Total value of planned gifts documented
Number of planned gifts documented
Range of gift value
Value of realized gifts during fiscal year 2017
Value of realized gifts in the last 10 years
New Endowments Breakdown
The Foundation prides itself on enhancing the academic experience at Texas A&M University for both students and faculty. Donors who create endowments for scholarships, chairs, professorships and fellowships leave a legacy that enhances Texas A&M’s core mission of providing the highest-quality undergraduate and graduate programs.
Total scholarship and faculty endowments in fiscal year 2017
Scholarships & Graduate Fellowships
Faculty Chairs, Professorships & Fellowships
The 59 other endowments include those supporting student organizations, college-based programs and excellence funds, study abroad initiatives and the university libraries, among others.
Gifts Received by Type
- Revocable/Irrevocable Planned Gifts44.36%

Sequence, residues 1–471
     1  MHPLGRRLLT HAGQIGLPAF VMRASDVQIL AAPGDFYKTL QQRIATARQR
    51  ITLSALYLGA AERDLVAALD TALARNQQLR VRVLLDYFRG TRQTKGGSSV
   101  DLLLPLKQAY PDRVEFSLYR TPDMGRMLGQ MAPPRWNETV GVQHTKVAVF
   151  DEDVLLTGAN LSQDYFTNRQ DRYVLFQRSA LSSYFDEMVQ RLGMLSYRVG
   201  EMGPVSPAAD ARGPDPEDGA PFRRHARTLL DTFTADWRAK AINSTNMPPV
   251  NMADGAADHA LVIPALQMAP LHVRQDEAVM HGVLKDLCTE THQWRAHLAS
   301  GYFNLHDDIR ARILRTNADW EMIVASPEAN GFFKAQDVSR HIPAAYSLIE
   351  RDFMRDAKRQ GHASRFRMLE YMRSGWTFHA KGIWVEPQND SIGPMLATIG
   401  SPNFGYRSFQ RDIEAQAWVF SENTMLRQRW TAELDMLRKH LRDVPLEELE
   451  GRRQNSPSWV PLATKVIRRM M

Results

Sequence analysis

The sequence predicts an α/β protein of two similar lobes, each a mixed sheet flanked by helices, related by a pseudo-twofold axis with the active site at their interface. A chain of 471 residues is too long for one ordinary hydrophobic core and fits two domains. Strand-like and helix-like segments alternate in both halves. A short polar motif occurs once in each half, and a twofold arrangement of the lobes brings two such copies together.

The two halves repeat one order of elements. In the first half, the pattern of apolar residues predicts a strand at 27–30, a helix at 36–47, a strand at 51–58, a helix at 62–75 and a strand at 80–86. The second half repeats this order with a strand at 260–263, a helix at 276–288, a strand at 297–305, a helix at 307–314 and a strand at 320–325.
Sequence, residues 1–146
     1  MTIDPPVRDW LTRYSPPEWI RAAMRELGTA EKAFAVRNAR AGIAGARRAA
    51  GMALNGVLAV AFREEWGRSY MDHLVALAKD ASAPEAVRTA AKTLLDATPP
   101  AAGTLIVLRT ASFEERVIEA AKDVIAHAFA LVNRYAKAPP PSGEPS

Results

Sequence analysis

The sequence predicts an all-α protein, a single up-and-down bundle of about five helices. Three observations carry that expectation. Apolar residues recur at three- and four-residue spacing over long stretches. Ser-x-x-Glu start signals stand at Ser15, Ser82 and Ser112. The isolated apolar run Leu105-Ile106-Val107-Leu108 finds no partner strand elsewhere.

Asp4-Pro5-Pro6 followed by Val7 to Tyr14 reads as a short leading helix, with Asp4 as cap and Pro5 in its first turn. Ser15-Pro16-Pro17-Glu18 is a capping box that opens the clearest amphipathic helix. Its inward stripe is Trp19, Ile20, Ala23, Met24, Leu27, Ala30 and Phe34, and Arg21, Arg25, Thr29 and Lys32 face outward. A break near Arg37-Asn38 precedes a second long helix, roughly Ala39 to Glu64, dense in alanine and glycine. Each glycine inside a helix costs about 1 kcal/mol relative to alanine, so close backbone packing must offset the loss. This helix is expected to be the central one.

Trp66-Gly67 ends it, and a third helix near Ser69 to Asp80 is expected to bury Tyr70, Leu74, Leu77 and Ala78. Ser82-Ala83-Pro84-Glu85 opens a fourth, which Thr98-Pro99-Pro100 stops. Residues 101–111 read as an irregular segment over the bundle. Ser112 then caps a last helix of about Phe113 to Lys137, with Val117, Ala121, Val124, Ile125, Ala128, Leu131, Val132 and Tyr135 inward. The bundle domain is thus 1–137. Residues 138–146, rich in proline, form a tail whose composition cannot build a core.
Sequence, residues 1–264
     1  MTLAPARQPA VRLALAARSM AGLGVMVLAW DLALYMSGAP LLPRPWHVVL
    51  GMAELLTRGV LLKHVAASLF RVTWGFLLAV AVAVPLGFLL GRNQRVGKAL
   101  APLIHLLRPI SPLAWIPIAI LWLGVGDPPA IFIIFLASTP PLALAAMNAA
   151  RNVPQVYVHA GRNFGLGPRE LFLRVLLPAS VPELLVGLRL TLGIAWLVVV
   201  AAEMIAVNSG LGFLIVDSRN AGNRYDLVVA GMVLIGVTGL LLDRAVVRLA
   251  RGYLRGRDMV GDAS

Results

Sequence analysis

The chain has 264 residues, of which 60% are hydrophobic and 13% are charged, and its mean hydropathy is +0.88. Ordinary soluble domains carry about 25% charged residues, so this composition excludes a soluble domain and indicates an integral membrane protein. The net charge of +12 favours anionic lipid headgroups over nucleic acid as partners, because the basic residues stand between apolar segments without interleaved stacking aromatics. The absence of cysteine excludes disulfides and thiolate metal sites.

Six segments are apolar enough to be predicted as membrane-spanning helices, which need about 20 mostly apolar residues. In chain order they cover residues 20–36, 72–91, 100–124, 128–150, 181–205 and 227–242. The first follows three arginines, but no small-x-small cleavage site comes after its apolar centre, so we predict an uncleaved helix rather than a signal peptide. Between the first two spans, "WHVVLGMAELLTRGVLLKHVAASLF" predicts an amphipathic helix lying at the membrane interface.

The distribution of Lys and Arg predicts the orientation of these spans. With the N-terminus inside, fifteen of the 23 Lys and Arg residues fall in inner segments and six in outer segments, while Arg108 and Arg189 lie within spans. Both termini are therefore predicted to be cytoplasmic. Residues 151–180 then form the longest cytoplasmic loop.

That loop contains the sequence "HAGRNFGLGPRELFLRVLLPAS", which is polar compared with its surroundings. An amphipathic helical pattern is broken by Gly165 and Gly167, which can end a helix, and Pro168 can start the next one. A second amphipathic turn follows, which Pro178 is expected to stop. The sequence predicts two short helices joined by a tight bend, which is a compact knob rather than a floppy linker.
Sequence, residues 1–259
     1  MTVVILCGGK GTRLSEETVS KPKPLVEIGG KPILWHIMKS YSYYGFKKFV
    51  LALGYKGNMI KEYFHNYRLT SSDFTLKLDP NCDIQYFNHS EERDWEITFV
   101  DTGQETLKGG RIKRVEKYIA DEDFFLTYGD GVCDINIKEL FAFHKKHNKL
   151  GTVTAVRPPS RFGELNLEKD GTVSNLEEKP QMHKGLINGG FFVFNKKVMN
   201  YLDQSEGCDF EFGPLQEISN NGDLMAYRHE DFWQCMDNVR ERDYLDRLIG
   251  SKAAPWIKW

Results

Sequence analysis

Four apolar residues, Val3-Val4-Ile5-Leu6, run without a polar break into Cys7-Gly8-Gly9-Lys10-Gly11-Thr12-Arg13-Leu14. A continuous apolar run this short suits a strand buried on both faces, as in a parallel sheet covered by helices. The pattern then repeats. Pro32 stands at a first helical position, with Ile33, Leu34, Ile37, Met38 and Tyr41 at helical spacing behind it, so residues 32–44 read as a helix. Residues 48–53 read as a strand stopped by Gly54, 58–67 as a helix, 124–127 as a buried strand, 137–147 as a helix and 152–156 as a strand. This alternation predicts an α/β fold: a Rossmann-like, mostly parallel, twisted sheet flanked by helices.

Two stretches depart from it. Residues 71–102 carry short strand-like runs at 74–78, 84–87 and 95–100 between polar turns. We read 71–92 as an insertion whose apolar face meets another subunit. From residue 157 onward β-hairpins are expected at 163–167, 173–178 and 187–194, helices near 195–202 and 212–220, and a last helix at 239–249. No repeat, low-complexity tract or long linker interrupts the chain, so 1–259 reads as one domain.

- Realized Bequests5.27%
- Real Estate1.39%
- Retirement Accounts.62%
- Life Insurance.04%
- Other (Gifts in Kind).01%
The majority of gifts received by the Foundation during fiscal year 2017 include current gifts of cash, pledges, realized bequests, and revocable or irrevocable planned gifts.
*This total includes cash gifts, future pledge payments at full face value, and revocable and irrevocable planned gifts
The Foundation received more than $127 million in current gifts of cash or pledges and more than $112 million in planned gifts during fiscal year 2017. This total does not include planned gifts that will be received by The Association of Former Students, the 12th Man Foundation and the George H.W. Bush Presidential Library Foundation. Realized bequests make up the remaining portion in total dollars received.
*This total includes cash gifts, future pledge payments at full face value, and revocable and irrevocable planned gifts.